Pets are treasured members of thousands of Australian families but for many landlords they can be unwelcome guests.
Pet-proofing your rental property can have many benefits, including opening your property to a much broader scope of prospective tenants and reducing the number of pets in shelters.
About 25% of animals surrendered to the Animal Welfare League in Queensland in 2017 resulted from the inability of their owners to find pet-friendly homes. The RSPCA reports the same issue: 15%-30% of the nearly 100,000 pets surrendered in 2017 belonged to people who couldn’t take them to a new rental property.
Allowing pets may also help to improve the property’s profitability, as a pet-owning renter who finds a suitable home is likely to live there longer and reduce the time in which the property is vacant.
For many landlords, pet-proofing their investment property is more important than ever.
The 2017 rental reforms by the Victorian government introduced changes to the state’s tenancy rules which, in some cases, gave tenants the right to have a pet in their rental property. There is support for this initiative to be adopted in other states and territories too.
Allowing pets to be housed in your investment property is a major decision. However, we encourage landlords to pet-proof their rental and be open to having furry or feathered tenants.
Here’s how to pet-proof your rental property:
Enforce a pet policy
Before allowing pets at the property, it’s a good idea to establish a pet clause in your tenant’s rental agreement.
This is a good risk management strategy where you can outline specific guidelines you would like the tenant to follow. It’s important that all guidelines are fair and just.
For example, you may request that the pet is housed outside and sleeps in a cordoned off area at night, such as the laundry. You may request the tenant keeps the property free from animal odours and fur and regularly removes pet waste.
Regular property inspections
By conducting regular property inspections, landlords or property managers can monitor for any pet damage. This may include soiled carpet, claw marks on walls and damage to exterior fences.
Fur on furniture and bedding, water bowls, urine stains on the carpet or evident animal odours in and around the home may suggest the tenant is housing a pet at the property.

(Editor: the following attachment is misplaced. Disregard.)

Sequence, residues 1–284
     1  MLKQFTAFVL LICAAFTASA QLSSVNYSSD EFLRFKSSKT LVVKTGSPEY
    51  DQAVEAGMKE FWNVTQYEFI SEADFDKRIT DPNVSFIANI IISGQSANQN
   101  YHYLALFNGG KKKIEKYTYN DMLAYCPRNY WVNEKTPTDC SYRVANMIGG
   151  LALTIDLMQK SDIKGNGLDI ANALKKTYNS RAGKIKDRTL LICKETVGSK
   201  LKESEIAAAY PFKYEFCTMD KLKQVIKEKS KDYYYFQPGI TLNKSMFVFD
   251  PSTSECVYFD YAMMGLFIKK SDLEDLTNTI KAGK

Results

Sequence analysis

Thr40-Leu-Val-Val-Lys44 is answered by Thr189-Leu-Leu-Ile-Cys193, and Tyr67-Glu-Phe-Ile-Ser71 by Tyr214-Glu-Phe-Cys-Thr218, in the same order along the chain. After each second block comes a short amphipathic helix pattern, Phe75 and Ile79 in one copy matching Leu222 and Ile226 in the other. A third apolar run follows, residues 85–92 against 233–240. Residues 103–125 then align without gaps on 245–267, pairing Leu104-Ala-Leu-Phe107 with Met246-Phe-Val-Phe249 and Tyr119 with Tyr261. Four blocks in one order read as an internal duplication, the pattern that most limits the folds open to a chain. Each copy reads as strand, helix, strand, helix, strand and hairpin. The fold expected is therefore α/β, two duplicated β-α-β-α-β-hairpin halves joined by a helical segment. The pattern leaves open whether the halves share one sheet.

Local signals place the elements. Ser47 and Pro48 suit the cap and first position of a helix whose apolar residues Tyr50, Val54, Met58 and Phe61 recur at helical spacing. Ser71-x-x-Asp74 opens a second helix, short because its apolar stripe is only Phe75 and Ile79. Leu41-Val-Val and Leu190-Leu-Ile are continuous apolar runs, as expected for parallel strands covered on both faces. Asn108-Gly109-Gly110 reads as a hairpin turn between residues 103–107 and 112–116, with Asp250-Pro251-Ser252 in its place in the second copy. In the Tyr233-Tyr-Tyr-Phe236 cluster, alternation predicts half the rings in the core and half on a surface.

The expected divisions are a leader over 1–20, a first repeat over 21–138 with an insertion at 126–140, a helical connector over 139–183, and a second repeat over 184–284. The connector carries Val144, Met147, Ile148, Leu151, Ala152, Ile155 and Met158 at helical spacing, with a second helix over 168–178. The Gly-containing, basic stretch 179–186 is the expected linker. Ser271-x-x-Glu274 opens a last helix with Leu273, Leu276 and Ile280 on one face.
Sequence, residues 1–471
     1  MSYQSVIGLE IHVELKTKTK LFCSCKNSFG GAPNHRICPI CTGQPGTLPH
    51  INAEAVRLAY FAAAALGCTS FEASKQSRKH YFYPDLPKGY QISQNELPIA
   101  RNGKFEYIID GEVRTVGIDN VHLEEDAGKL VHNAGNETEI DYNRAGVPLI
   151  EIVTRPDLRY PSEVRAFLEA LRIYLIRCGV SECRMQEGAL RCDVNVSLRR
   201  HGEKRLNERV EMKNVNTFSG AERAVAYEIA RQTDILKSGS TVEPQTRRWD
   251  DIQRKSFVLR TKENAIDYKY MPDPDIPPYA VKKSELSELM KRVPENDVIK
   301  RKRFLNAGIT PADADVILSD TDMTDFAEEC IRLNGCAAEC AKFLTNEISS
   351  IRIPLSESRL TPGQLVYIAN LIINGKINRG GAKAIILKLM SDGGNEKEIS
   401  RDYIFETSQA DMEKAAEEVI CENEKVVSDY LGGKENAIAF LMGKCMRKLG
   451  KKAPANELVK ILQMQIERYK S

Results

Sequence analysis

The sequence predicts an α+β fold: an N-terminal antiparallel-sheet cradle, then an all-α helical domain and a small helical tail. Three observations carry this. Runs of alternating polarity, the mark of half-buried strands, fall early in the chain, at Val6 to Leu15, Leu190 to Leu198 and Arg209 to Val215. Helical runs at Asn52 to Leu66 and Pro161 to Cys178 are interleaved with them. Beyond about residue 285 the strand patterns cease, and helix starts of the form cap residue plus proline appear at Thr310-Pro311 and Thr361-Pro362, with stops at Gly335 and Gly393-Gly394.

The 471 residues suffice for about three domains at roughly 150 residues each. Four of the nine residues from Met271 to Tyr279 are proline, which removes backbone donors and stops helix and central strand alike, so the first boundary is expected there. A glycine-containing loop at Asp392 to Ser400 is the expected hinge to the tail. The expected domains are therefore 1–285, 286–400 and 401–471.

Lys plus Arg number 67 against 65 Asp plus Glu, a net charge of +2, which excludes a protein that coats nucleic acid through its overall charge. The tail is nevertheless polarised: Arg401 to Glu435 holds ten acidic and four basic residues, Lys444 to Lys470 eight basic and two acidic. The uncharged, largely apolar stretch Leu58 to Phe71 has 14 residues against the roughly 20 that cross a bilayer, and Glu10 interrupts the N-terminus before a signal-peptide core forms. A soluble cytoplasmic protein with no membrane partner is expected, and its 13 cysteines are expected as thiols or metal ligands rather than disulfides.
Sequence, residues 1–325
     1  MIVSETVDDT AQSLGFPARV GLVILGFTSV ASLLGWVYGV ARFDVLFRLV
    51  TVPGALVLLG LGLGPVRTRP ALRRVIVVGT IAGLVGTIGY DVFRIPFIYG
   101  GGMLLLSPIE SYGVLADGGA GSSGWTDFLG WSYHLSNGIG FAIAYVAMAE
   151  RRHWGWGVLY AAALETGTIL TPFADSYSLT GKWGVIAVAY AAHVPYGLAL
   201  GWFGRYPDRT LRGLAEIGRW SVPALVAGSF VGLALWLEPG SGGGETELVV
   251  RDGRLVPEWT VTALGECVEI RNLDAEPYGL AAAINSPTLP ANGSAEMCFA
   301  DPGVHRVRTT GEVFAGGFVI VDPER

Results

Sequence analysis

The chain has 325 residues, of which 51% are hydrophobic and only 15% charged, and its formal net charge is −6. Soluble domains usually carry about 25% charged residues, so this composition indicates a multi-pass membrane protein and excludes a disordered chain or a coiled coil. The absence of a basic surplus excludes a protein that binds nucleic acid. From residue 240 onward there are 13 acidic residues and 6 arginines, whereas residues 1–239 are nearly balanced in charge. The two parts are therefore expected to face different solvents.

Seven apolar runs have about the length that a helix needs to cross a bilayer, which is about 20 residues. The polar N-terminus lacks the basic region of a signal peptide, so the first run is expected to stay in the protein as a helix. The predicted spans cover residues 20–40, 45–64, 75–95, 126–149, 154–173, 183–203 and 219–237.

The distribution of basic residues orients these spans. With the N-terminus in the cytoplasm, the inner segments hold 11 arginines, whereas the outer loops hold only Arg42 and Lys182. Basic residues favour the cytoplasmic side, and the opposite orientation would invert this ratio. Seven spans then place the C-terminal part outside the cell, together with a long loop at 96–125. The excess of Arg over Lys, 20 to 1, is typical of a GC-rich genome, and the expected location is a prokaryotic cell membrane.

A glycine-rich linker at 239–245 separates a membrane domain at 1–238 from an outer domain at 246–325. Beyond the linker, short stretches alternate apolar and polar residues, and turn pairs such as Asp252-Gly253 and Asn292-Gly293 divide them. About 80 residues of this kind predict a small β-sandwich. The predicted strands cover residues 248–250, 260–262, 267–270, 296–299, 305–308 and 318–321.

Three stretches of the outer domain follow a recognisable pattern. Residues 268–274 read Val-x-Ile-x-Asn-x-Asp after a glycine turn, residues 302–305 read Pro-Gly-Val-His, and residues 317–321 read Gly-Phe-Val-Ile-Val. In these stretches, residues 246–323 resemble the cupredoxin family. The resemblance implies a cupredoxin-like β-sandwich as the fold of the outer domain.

Changes to Terri Scheer’s landlord insurance policy means a pet is no longer required to be named on the lease for the landlord or property manager to make a claim for pet damage. We believe we are the only insurer to incorporate this initiative into its policies.
Modify the property
Making slight modifications to the property can help to lower maintenance for tenants and reduce the risk of pet damage.
Fencing should be a priority for outdoor pets. A large, enclosed backyard gives dogs space to run around and expend their energy.
Replacing carpet with tiles or floorboards also makes a property more suitable for pets, as these materials are easier to clean and more stain resistant. Adding a doggy door may also reduce the likelihood of a pet damaging the home from boredom when the tenant’s not there.
Maintain a good relationship with the tenant
Having a good relationship with your tenant is a must. If a tenant wants to get a pet and is upfront and honest with the landlord, they’re more likely to be understanding and make the property pet-friendly.
Open and transparent communication may also encourage tenants to uphold their rental and pet agreement. A tenant with a good relationship with their landlord or property manager will be more comfortable raising any pet-related issues, allowing them to be addressed sooner rather than later.
Obtain landlord insurance
Damage to a rental property caused by a domestic pet is not always covered under landlord insurance policies. Landlord and property managers should check with their insurer to see if they’re covered before allowing pets at their property.